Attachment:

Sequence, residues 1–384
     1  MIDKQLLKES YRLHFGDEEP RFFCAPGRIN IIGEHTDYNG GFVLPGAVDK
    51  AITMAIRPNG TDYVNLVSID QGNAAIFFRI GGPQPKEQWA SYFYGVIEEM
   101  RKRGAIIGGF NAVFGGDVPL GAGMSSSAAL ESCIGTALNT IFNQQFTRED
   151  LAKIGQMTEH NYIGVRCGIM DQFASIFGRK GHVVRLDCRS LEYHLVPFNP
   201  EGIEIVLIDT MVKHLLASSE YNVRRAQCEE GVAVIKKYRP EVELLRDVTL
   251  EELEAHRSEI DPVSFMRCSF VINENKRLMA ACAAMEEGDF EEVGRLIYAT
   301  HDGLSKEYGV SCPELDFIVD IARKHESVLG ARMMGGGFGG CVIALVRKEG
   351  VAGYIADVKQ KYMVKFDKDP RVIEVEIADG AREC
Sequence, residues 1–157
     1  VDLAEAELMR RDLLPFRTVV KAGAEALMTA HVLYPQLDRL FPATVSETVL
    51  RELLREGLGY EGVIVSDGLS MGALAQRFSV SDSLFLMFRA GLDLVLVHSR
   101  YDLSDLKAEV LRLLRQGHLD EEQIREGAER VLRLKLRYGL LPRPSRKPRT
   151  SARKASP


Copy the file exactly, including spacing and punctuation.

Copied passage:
Sequence, residues 1–384
     1  MIDKQLLKES YRLHFGDEEP RFFCAPGRIN IIGEHTDYNG GFVLPGAVDK
    51  AITMAIRPNG TDYVNLVSID QGNAAIFFRI GGPQPKEQWA SYFYGVIEEM
   101  RKRGAIIGGF NAVFGGDVPL GAGMSSSAAL ESCIGTALNT IFNQQFTRED
   151  LAKIGQMTEH NYIGVRCGIM DQFASIFGRK GHVVRLDCRS LEYHLVPFNP
   201  EGIEIVLIDT MVKHLLASSE YNVRRAQCEE GVAVIKKYRP EVELLRDVTL
   251  EELEAHRSEI DPVSFMRCSF VINENKRLMA ACAAMEEGDF EEVGRLIYAT
   301  HDGLSKEYGV SCPELDFIVD IARKHESVLG ARMMGGGFGG CVIALVRKEG
   351  VAGYIADVKQ KYMVKFDKDP RVIEVEIADG AREC
Sequence, residues 1–157
     1  VDLAEAELMR RDLLPFRTVV KAGAEALMTA HVLYPQLDRL FPATVSETVL
    51  RELLREGLGY EGVIVSDGLS MGALAQRFSV SDSLFLMFRA GLDLVLVHSR
   101  YDLSDLKAEV LRLLRQGHLD EEQIREGAER VLRLKLRYGL LPRPSRKPRT
   151  SARKASP